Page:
We adopted Kiwi, so we don’t know her history, but she’s definitely a Labrador and about 1 year old, give or take. She was a stray picked up wandering the streets. She is very sweet and loving — but totally untrained. Despite her age, she is still a puppy in a dog’s body!
Thank you for reading the MtDemocrat.com digital edition. In order to continue reading this story please choose one of the following options.
If you are a current subscriber and wish to obtain access to MtDemocrat.com, please select the Subscriber Verification option below. If you already have a login, please select "Login" at the lower right corner of this box.
Special Introductory Offer
For a short time we will be offering a discount to those who call us in order to obtain access to MtDemocrat.com and start your print subscription. Our customer support team will be standing by Monday through Friday, 8am to 5pm to assist you.
If you are not a current subscriber and wish not to take advantage of our special introductory offer, please select the $12 monthly option below to obtain access to MtDemocrat.com and start your online subscription
We have only had her for two weeks, and I don’t see signs that she was abused, but I think she was neglected. Who would own a dog without teaching her anything? I trained our last dog, and I have tried to work with Kiwi, but she is going to take a lot of work, and I just don’t have the time. She pulls and tugs on the leash, and for a small Lab, she is pretty strong. She does not come when called, and she ran into the street in front of a car last week. Inside the car, she is wild — an absolute danger. The only way to transport her is in a crate in the back of the truck, but she barks nonstop. I used to think it was because she wanted out of the crate, but now I think she is barking at other cars on the road.
I am not sure I have the time and patience to train this dog, and that is why I am looking for some help.
Bravo to you for adopting this stray in need of a good home! And kudos for reaching out for help early on.
Being so young and of a naturally sweet temperament, Kiwi is likely to respond well to professional training. Her past will always be a mystery, but whatever it entailed, it is just that: the past. Due diligence on your part, coupled with patience and professional assistance, will soon relegate her wild and unruly days to the past, as well.
First, to answer your question: Some people, no matter how well-intentioned, never get around to truly teaching their dog much of anything. There are thousands of totally untrained dogs in this country. Of course, my definition of a trained dog means the dog responds to a command every time, without fail. There are probably millions of dogs who are trained to the tune of “he’ll do it most of the time.”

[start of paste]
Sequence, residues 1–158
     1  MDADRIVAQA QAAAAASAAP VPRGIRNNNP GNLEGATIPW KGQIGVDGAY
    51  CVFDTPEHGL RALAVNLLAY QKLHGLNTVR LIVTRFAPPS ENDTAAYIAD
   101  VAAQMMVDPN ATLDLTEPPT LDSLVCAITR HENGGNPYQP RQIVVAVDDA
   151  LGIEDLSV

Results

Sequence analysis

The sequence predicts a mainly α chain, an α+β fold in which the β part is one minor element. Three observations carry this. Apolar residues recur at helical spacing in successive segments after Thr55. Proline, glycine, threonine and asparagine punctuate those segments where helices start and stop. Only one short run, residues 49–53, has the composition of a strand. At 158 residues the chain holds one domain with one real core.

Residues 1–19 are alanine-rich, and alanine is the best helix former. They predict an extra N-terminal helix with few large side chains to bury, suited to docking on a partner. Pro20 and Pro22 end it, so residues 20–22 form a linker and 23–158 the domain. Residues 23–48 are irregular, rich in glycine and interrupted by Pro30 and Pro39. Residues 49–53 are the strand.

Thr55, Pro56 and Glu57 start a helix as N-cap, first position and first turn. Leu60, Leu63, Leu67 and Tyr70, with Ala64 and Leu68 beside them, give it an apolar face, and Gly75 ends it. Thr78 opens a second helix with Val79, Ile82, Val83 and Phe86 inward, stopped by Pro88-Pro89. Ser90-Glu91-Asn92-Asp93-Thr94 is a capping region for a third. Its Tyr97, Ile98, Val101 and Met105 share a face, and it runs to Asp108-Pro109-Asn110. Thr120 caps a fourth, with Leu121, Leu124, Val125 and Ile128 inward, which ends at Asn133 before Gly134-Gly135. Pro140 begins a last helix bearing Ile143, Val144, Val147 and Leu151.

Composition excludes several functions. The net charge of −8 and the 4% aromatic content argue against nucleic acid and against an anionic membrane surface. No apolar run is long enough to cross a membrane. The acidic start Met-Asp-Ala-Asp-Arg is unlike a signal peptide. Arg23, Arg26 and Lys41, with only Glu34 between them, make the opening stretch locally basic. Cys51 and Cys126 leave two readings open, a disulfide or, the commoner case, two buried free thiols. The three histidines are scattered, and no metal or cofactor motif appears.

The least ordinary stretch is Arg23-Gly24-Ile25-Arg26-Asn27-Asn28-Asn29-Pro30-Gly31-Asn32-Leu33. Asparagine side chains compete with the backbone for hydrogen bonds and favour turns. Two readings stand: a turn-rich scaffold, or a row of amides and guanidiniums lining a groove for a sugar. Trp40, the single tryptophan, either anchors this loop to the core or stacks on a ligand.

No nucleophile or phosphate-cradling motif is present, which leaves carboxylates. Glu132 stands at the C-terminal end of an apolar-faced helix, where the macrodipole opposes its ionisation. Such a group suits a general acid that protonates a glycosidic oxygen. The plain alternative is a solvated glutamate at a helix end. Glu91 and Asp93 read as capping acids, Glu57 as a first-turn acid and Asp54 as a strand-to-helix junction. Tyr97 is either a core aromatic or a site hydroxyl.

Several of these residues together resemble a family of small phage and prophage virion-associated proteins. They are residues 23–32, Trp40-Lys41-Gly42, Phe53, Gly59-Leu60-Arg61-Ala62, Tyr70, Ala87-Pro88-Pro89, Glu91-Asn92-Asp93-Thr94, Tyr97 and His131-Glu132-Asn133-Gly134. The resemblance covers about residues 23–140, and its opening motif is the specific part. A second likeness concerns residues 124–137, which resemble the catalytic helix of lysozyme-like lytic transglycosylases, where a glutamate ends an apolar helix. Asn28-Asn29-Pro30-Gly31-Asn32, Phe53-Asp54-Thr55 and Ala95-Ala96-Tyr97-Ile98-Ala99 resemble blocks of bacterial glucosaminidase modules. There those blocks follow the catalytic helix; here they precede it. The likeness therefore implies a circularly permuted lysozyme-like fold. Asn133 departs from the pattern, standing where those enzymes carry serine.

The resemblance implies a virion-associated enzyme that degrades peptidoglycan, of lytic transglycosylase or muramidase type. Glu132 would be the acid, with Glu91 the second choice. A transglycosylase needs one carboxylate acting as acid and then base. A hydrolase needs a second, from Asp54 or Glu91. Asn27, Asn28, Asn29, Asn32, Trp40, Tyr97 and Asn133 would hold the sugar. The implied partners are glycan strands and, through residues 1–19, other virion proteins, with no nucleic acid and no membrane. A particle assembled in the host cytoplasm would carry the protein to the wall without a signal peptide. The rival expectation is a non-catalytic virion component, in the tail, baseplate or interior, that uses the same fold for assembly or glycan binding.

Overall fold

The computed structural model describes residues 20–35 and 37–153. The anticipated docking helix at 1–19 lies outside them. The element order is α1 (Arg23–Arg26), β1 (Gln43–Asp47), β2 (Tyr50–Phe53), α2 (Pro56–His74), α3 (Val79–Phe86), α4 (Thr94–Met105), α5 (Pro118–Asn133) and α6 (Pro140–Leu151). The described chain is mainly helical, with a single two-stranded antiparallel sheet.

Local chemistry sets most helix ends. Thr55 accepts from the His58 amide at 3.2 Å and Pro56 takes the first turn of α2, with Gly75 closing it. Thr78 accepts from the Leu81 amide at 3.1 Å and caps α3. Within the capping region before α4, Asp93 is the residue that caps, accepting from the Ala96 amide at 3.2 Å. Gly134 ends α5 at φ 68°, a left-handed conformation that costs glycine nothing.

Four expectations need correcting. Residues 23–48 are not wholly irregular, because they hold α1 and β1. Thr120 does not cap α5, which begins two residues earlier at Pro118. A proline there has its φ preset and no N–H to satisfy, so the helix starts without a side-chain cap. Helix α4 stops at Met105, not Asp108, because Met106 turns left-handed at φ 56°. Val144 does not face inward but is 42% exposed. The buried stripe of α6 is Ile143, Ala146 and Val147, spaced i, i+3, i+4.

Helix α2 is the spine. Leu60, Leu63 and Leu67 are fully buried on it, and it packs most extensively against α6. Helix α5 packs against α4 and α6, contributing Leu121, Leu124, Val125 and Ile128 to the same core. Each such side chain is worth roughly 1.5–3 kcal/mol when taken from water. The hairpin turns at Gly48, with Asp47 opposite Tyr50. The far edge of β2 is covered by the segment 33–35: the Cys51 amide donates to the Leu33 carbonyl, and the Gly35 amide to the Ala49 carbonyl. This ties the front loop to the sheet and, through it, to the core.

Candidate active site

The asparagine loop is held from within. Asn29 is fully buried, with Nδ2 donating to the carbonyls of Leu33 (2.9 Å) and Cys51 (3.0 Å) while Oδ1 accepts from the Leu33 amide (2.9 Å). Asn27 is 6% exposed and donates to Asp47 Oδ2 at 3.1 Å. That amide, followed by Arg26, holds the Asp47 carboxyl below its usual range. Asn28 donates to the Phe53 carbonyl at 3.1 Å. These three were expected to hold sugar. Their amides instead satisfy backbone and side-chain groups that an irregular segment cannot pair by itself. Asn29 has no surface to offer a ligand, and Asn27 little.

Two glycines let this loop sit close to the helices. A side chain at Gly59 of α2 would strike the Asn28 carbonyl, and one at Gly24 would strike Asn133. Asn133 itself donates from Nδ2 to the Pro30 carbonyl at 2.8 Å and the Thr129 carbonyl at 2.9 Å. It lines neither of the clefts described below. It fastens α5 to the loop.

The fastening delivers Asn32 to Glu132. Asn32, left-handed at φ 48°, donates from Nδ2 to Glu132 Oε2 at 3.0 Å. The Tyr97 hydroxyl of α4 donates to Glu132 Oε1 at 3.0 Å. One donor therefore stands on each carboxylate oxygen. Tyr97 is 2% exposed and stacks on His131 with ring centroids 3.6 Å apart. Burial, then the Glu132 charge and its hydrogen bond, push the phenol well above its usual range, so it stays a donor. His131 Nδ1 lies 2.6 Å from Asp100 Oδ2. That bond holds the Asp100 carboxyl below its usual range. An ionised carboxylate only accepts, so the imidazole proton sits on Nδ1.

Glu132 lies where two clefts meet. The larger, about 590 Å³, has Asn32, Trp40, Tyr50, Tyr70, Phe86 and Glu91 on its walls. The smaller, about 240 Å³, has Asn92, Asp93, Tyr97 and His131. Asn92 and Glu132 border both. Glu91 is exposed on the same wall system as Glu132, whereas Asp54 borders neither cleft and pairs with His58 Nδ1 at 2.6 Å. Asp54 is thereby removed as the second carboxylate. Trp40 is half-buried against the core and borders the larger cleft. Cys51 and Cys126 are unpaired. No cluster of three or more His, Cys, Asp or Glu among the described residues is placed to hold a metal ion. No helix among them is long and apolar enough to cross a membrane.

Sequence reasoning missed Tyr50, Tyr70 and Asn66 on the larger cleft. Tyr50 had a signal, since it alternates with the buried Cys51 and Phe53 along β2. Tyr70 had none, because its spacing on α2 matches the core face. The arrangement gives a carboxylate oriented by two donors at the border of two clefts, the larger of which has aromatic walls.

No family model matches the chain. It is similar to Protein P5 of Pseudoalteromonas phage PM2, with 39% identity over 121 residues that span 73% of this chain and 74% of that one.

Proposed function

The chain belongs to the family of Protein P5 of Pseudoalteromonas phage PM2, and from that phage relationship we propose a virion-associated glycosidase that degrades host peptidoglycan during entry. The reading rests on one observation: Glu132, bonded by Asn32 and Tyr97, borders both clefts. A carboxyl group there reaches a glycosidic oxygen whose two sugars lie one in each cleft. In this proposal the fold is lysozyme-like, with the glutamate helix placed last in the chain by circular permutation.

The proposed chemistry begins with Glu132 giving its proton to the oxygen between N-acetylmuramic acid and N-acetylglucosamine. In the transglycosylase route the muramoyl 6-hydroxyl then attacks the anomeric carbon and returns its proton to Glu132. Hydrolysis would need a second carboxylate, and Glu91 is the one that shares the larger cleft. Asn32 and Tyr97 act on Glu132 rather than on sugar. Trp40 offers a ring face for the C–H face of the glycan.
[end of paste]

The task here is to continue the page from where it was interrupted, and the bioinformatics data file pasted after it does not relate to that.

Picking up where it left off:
Since you have time constraints and limited patience for the type of behaviors Kiwi is demonstrating, I’ll skip over the DIY training options of books and DVDs and offer the following options for professional training:
• Since none of the behaviors you mention are “in the home” problems (e.g., housebreaking, chewing on furniture, greeting visitors), “board and train” might be a great option. In short, you take your dog to a boarding facility run by or in tandem with a professional trainer, and over the course of two to four weeks, your dog learns basic to advanced obedience commands and is taught good behavior. At pick-up time, the owner typically works with dog and trainer to learn the commands and continue the dog’s education at home.
• Hiring a professional trainer to come to your home on a weekly basis is also an option. This is a more hands-on experience for those willing to devote time between sessions to working with the dog on that week’s commands and exercises. It’s also a great bonding experience for you and your dog.
• You could also attend training classes. These offer the benefit of added socialization and the challenge of learning to respond to you despite the distractions of other dogs and people.
Each option has its merits, and the good news is that Kiwi is young and sweet and, due to the good sense of her new owner, poised for success! Kiwi is one lucky dog. With a little training, you’ll soon feel lucky, too!
Dog trainer Matthew “Uncle Matty” Margolis is co-author of 18 books about dogs, a behaviorist, a popular radio and television guest, and host of the PBS series “WOOF! It’s a Dog’s Life!” Read all of Uncle Matty’s columns at www.creators.com, and visit him at www.unclematty.com. Send your questions to[email protected] or by mail to Uncle Matty at PO Box 3300, Diamond Springs 95619.
Copyright 2012 Creators Syndicate Inc.